2. ^ Diversely spelled Giovanni d'Alamagna,[1] Giovanni il Tedesco,[1][a][2][3] Johannes Alaman, Johannes de Alemania[4][5][6] Zuane de Murano and Zuane da Murano in biographical dictionaries of the nineteenth century, the spelling of his name, now attested by the artist's signature, is now followed by the painter's main biographers such as Johann Dominicus Fiorillo, Johann Heinrich Füssli, Filippo de Boni or Luigi Lanzi.
  3. ^ The paintings have the epigraphs, which has been transmitted in different spellings like Zuane and Antonio de Muran pense,[1] Zuane and Antonio da Muran pense, and Zuane and Antonio da Muran pense 1444.[8]
  4. ^ Manzutto 1985. (Book excerpt—original in italian):
    Il grandioso trittico, splendido frutto della stretta collaborazione fra Antonio Vivarini e il cognato Giovanni d'Alemagna, fu eseguito nel 1446 per questa stessa sala dell'Albergo (in origine peró sulla parete di fronte alla Presentazione di Tiziano). Vivace e ricca ne é l'orchestrazione coloristica, scintillante d'oro non solo negli ornati a pastiglia, ma anchi in tutti quei particolari che la raffinata fantasia dei due artisti volle impreziosire.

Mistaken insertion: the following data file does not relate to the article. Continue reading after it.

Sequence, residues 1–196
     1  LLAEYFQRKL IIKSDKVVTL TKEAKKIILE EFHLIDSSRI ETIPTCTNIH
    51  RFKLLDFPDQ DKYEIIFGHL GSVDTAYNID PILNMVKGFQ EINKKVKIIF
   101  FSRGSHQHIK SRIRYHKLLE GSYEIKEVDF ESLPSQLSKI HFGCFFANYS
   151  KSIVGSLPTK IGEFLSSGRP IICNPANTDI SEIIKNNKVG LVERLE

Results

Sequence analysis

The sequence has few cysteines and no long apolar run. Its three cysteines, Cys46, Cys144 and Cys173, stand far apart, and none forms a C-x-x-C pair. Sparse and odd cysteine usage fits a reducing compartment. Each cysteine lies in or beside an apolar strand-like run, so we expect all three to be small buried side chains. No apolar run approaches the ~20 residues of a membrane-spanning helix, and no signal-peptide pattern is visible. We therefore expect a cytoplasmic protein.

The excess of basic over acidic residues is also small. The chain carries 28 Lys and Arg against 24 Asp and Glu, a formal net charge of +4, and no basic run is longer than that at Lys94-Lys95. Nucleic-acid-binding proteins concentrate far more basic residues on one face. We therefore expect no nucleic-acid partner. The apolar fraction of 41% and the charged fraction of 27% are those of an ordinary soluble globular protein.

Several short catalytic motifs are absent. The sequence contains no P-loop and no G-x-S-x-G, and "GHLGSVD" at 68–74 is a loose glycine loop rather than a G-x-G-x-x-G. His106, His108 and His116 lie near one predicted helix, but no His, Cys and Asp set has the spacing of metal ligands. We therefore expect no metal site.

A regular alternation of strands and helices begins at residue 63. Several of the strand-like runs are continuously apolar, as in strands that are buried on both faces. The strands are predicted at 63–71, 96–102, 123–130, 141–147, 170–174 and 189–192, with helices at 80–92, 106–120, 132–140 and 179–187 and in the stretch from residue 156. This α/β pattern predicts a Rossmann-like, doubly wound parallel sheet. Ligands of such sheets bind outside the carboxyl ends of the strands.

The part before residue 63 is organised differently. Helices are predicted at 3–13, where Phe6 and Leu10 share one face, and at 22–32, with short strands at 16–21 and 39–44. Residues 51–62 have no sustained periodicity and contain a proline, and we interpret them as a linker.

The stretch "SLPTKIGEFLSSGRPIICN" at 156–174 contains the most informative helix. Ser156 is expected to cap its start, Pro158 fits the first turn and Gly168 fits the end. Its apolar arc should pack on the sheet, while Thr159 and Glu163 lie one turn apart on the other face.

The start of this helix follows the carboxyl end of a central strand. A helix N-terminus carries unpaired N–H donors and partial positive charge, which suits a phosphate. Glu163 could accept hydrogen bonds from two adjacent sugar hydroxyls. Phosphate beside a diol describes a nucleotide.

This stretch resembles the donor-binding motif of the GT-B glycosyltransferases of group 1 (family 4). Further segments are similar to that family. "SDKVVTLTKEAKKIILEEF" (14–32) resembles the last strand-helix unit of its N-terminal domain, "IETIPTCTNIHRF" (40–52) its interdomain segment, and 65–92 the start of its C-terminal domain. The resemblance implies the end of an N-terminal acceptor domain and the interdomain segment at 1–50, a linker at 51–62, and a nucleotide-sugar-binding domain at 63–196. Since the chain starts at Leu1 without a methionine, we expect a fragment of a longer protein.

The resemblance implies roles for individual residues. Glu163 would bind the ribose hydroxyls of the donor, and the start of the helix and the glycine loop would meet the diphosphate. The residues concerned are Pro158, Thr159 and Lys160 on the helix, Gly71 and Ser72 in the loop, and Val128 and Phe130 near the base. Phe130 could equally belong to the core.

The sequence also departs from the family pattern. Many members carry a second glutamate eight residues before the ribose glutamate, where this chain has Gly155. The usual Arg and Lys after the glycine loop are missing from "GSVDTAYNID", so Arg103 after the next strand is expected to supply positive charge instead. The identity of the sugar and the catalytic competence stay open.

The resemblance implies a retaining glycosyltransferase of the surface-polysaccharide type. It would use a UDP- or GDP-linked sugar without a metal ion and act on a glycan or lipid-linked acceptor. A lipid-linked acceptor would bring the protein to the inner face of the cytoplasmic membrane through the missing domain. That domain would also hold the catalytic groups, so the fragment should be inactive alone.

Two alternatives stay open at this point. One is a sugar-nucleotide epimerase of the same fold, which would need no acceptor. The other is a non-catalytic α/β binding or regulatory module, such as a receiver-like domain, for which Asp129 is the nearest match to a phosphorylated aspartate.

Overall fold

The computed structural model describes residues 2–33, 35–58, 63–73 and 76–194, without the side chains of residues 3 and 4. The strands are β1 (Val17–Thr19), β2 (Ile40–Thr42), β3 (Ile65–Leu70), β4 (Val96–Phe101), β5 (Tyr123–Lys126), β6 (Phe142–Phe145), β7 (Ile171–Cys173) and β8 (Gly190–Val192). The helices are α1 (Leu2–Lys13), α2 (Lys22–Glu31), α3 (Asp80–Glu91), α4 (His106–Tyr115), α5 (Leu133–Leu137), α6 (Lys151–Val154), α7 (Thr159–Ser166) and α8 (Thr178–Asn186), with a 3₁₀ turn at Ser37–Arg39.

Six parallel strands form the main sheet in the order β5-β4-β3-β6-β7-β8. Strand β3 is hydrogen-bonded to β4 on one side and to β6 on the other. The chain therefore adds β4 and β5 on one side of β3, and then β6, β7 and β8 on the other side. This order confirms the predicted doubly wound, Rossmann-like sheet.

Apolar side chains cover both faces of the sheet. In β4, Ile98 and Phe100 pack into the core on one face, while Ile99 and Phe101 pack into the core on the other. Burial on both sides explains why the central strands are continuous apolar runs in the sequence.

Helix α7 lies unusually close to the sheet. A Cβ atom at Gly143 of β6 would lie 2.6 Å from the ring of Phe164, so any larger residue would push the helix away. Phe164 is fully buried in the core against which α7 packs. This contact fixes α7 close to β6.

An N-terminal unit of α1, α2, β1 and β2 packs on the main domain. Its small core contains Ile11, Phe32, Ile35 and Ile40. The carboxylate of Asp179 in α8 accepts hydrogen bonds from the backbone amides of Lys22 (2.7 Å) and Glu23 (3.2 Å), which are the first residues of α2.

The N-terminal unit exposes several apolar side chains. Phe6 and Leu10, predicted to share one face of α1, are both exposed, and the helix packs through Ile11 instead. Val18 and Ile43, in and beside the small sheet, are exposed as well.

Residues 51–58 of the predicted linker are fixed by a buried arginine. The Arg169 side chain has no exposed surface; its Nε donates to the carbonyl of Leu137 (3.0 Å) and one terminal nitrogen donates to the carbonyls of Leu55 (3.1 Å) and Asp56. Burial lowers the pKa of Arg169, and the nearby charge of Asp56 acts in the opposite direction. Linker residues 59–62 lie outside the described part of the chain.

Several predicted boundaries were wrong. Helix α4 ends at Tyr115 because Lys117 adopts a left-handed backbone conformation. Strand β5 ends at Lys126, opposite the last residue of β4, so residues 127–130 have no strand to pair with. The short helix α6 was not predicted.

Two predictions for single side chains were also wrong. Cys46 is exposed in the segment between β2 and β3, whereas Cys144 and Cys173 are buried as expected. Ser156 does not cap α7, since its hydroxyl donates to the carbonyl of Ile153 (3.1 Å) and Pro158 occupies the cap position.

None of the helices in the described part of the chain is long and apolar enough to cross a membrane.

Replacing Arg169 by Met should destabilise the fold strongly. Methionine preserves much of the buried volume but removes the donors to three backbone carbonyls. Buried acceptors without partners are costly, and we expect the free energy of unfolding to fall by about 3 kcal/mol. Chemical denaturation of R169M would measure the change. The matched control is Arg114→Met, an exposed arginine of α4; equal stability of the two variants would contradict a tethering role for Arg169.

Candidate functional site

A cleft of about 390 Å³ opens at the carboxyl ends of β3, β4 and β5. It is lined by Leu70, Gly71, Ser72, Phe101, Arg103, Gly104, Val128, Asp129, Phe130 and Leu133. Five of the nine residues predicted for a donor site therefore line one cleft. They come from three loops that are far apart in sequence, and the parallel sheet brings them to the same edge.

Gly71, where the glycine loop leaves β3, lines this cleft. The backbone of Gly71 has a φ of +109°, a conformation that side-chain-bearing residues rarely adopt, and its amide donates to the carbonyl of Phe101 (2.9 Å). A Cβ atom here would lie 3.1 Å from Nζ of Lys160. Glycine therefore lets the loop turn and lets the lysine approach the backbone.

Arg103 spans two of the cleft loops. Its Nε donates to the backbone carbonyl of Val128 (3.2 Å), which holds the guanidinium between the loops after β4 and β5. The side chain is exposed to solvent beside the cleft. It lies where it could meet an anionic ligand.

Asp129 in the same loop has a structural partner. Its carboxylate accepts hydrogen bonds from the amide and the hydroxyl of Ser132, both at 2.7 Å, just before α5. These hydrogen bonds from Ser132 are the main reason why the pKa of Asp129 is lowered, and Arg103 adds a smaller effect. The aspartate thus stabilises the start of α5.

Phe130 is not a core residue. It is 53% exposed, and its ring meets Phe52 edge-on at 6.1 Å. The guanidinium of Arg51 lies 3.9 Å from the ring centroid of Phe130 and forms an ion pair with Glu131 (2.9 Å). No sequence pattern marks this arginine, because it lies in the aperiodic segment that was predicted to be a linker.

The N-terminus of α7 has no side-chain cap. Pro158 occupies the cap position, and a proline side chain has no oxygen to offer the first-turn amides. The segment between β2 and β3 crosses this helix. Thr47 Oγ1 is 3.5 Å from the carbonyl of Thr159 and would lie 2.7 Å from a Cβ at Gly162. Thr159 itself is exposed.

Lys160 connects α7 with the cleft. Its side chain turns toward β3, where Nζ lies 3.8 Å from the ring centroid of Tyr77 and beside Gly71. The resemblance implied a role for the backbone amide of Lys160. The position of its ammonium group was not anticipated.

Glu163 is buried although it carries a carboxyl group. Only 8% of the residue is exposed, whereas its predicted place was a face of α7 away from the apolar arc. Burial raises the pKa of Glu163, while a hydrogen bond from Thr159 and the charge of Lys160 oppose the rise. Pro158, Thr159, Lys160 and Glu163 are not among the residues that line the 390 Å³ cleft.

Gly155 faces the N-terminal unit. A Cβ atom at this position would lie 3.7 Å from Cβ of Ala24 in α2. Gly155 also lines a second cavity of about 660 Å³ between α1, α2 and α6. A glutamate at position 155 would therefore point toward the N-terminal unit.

(Book excerpt—translated into english): The grandiose triptych, a splendid result of the close collaboration between Antonio Vivarini and his brother-in-law Giovanni d'Alemagna, was made in 1446 for this room of the hotel (originally however on the wall opposite Titian's Presentation). Lively and rich is the coloristic orchestration, sparkling with gold not only in the pastille ornaments, but also in all those details that the refined imagination of the two artists wanted to embellish.
  1. ^ a b c Boni 1840, p. 429.
  2. ^ a b Paoletti 2005, p. 318.
  3. ^ a b Humfrey 1995, p. 49.
  4. ^ Rosenbusch 1801, p. 12.
  5. ^ Fabian 2000, p. 383.
  6. ^ Füssli 1816, p. 3099.
  7. ^ "Giovanni d'Alemagna - Enzyklopädie -". F. A. Brockhaus AG (in German). NE GmbH. Retrieved 6 August 2019.
  8. ^ a b Lanzi 1828, p. 22.
  9. ^ Manzutto 1985, p. 412.
  10. ^ Humfrey 1985, p. 49.
  11. ^ Scirè 2008, p. 46-51.